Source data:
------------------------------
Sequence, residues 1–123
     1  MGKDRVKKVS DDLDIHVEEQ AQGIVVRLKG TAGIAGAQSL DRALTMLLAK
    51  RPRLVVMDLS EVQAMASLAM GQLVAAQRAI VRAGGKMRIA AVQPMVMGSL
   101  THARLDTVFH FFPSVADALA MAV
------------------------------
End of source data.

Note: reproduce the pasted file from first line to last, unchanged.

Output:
Sequence, residues 1–123
     1  MGKDRVKKVS DDLDIHVEEQ AQGIVVRLKG TAGIAGAQSL DRALTMLLAK
    51  RPRLVVMDLS EVQAMASLAM GQLVAAQRAI VRAGGKMRIA AVQPMVMGSL
   101  THARLDTVFH FFPSVADALA MAV